There’s an infinite number of colours available to paint your office and it’s likely that you have seen a scheme which you have liked the look of and may want to incorporate into your own office. Before making any firm decisions, check out the psychology behind different paint colours and balance these with your office space and brand colours.
In Brief: The Dominant Colours Suited To Different Offices
The Thinking Office Should Be Blue
Financial sector businesses, solicitors, teachers of the Science subjects…
The Emotional/Creative Office Should Be Yellow
Creative industry businesses, marketing departments, teachers of the Arts subjects…
The Physical Office Should Be Red
Construction, sports and fitness sector…
The Balanced/Calm Office Should Be Green
Psychologists, designers, health & beauty professionals…
Trendy offices (you see in pictures on Pinterest or Instagram) might feature lots of minimalist white space and design, this is actually detrimental to creating a productive and healthy work environment. It’s explained in-depth here, by Nancy Kwallek, in Stephanie Vozza’s blog post. But, basically, white is too cold, clinical and dominating. We need colour.
We’ll cover it in short, but this equally brilliant interview with a world-famous colour psychologist, Angela Wright, explains some of the science behind the relationship between colours and the human mind.
We all respond to colours in an individual and unique way. And it’s subconscious. The way a colour reflects the light and is processed by the human eye and mind and emotional centre is different from colour to colour and person to person. This is why the level of saturation of your chosen colour is important. And it’s also dependent on context.
Whilst blue might be typically the most productive colour, if a person’s child has kept them awake all night, their partner has lost their job, bills are mounting, and an elderly parent has fallen ill; working in a blue office isn’t going to make them suddenly all-productive.
The better colour for this fictional example employee to be working in may be a soothing green or calming pastel yellow. But they work for an accountancy firm so the office is blue.
It’s a pity that the managers didn’t choose a blend of colours when they decorated the office, because people’s state of mind and emotional mood dictates how much influence the office colour has on them at different times of the day or week and in respect to whatever else is happening in their lives.
Including a blend of colours is important.
Be Sure To Mix The Colours In Your Office
We don’t naturally respond to single colours in isolation. Whilst “blue might promote productivity”, you can’t just make everything in the office blue and expect everybody to be more productive 100% of the time.
This is because we all respond to colours individually and don’t operate in a single emotional state at all times.
Sticking with the blue office hypothetical example, there may be times when a team of accountants or solicitors or quantity surveyors – all highly calculating and cognitive job roles – need an emotional boost (yellow) or a high-pressure situation may need a little defusing (green). If everything in the office was blue, there would be times when productivity was actually harmed thanks to an overloading of the colour which was chosen to boost it.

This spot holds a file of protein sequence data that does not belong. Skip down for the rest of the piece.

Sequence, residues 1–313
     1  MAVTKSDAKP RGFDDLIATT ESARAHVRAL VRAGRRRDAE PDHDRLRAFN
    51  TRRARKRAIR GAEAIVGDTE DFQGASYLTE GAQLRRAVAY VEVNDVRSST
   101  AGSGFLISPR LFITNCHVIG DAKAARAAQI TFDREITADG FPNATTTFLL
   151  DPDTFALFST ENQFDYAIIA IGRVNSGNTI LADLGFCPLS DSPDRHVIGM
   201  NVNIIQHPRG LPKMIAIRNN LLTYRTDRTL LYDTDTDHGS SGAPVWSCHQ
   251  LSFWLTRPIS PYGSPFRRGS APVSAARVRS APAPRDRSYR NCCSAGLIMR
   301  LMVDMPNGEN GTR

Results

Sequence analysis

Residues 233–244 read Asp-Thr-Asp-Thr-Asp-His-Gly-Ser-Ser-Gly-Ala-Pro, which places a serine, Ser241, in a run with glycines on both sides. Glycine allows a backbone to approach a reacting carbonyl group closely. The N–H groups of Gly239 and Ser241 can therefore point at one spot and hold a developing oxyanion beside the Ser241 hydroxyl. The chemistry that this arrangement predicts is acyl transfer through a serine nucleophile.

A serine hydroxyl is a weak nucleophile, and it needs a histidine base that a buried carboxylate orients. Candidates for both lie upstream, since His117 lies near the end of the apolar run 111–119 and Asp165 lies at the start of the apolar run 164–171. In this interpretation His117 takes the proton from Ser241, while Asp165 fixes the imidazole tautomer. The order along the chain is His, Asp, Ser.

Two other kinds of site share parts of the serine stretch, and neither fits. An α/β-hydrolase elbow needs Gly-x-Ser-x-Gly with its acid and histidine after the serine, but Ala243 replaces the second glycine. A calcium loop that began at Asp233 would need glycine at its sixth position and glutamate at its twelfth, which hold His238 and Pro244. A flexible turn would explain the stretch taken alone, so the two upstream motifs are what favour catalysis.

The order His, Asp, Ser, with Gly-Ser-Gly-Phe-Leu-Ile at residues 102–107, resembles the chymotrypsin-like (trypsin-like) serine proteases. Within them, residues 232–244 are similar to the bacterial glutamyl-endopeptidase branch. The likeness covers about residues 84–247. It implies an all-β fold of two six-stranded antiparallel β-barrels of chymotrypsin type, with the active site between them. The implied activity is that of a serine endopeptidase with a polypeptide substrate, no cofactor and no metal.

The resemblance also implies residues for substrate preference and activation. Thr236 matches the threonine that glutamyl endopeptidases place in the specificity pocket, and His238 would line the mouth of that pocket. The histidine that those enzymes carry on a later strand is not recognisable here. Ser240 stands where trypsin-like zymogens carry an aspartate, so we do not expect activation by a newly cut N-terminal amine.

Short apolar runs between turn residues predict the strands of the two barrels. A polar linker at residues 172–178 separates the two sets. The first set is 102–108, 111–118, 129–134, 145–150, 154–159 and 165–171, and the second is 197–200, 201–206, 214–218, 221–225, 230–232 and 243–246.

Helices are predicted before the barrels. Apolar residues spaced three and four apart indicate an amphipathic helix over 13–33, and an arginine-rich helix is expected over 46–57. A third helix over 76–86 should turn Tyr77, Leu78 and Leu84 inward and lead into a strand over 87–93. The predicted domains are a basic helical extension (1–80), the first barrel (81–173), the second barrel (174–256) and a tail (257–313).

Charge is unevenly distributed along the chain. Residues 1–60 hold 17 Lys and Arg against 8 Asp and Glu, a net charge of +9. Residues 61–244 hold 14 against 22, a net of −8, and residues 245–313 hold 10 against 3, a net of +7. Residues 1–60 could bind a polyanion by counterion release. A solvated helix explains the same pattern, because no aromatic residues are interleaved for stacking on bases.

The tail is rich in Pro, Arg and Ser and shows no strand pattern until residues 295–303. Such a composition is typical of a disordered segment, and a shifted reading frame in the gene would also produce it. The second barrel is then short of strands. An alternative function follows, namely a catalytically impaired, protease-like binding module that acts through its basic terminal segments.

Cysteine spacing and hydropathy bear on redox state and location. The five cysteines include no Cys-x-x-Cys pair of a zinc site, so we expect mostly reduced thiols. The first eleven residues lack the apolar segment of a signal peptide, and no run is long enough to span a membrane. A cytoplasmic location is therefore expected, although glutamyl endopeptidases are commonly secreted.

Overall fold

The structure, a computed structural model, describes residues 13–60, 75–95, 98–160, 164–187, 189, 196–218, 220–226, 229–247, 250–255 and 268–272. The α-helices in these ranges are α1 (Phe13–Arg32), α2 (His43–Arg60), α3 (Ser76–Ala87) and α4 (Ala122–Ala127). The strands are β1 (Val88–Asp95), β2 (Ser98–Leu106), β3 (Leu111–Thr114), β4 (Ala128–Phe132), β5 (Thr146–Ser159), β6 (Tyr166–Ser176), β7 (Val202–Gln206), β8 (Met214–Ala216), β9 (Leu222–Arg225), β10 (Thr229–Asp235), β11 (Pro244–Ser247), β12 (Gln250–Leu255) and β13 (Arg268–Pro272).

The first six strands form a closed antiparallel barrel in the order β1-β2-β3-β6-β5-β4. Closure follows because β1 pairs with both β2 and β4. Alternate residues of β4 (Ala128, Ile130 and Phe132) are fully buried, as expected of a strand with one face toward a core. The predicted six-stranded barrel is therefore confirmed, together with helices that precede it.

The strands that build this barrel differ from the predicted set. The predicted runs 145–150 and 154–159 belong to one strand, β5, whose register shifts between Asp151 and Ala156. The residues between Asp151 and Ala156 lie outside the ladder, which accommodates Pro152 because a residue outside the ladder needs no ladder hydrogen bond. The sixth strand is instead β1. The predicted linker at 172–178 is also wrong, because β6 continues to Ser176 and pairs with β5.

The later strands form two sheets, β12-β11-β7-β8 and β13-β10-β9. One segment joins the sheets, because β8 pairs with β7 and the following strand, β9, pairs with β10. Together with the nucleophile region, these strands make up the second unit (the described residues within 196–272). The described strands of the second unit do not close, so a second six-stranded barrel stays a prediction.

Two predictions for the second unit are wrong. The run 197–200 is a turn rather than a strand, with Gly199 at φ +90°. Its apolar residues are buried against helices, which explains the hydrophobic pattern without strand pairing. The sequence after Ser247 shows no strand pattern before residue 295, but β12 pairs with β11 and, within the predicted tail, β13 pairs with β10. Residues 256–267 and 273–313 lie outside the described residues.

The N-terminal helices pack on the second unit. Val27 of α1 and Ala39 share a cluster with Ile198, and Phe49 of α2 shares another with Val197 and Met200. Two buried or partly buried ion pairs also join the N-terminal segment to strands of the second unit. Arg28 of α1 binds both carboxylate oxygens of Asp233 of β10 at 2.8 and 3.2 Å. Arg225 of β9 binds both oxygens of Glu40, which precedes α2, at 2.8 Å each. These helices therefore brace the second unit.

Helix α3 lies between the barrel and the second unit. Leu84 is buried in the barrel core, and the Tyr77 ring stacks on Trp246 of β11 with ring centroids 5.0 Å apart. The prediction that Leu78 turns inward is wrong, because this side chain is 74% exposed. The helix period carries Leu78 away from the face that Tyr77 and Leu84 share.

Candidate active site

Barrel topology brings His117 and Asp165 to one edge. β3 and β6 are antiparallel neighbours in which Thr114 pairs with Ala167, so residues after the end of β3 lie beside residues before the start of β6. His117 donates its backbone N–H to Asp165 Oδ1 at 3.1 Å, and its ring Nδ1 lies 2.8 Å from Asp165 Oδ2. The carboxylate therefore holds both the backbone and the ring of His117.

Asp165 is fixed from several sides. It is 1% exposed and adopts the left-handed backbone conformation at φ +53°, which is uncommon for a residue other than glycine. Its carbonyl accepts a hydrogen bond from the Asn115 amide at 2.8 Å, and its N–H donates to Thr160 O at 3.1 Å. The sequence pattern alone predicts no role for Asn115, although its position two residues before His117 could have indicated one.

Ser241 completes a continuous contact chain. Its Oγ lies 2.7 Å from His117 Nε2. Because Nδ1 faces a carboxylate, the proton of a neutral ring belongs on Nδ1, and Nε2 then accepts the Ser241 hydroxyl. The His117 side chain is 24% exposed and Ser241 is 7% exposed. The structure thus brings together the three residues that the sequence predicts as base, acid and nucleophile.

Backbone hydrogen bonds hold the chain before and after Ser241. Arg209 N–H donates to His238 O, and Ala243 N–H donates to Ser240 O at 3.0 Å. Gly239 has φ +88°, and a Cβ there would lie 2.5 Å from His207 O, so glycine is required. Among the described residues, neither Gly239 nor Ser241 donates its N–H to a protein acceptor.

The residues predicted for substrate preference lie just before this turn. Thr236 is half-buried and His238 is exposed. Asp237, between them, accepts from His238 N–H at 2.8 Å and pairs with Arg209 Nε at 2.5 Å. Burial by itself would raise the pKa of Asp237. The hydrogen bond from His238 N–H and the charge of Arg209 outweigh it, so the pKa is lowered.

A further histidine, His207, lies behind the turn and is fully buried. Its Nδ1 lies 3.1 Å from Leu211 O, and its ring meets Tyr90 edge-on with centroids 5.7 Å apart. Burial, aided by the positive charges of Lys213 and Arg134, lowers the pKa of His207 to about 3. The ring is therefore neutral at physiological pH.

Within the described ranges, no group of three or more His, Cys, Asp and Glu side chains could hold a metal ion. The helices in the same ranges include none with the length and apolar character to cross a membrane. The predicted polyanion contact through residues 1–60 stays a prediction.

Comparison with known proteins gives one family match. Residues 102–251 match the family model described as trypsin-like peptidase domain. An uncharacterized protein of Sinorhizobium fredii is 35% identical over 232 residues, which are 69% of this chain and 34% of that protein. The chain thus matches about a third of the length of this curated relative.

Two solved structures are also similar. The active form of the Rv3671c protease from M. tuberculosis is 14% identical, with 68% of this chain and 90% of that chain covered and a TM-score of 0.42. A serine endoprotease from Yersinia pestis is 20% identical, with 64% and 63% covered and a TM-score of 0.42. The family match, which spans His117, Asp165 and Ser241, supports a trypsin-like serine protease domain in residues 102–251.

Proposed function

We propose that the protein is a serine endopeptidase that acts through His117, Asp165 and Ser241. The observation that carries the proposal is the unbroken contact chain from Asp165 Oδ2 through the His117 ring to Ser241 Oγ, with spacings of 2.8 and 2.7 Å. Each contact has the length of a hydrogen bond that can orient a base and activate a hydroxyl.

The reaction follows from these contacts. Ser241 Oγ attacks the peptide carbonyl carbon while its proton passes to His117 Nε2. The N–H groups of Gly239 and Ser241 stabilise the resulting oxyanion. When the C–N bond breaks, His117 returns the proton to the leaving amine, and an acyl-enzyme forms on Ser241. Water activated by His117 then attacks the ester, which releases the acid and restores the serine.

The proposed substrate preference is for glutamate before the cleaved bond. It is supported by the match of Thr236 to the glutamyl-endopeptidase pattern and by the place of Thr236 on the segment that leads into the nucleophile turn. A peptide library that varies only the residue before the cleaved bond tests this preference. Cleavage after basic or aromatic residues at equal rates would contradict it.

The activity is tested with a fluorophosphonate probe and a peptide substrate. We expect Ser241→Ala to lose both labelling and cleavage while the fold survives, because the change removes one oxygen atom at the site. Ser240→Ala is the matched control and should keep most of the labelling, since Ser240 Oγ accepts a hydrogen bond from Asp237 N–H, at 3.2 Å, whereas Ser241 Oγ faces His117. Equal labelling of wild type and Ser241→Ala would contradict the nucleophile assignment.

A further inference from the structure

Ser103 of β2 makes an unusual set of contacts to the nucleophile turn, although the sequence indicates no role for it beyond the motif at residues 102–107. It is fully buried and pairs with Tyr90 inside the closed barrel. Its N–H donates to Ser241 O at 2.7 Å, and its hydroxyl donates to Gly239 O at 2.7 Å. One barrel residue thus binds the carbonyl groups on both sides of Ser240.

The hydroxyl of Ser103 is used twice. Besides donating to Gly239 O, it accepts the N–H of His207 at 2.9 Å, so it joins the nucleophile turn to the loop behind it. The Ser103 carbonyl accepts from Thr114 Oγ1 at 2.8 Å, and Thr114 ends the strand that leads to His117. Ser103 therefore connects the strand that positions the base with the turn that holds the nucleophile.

Therefore you need to include a blend of colours when deciding to paint your office.
How to make them look good and work together is another can of worms altogether, but remember we don’t respond to individual colours in isolation, paint manufacturers don’t produce just bold primary colours. You can mix and match colours to suit your tastes and desires and you can choose colours which actually incorporate a blend of the colours relating to your areas of concern:
- Productivity – Blue
- Emotion/Creativity – Yellow
- Physicality/Activity – Red
- Balance/Calmness – Green
Choosing The Perfect Office Paint Colours
Get out those colour charts and start creating your own colour scheme. Here’s how to choose which colours to paint your office:
- Decide which of the following is of primary importance in your office: Productivity, Emotion/Creativity, Physicality, Balance/Calmness.
- Decide which area is of secondary importance.
- Centre your colour scheme around the corresponding colour to the primary concern and get out the colour charts for inspiration.
- Remember; the stronger the saturation and closeness to the original primary colour, the more focused it is towards that one feature. Brilliant Blue is exclusively targeting productivity, for example, but people don’t operate and respond to their surroundings in a singular fashion.
- This means you need to choose colours which are a blend of the different colours related to your primary and secondary focus areas, but are strongest in your primary area of concern.
- You may want to include striking features of bold, primary colours to inject a hit towards your primary goal.
- Be considerate of your office size and amount of natural light. You need to balance all this colour psychology with also making your office as full of natural light and the feeling of spaciousness as possible. And you might be under certain brand constraints – but these should be a final concern. If in any doubt, speak to the professionals.
Have You Thought About Furniture Too?
Because colours alone might not be enough, you should also think about furniture to go in your newly decorated office. We have put together a free guide book to help you work out what you need and stay organised.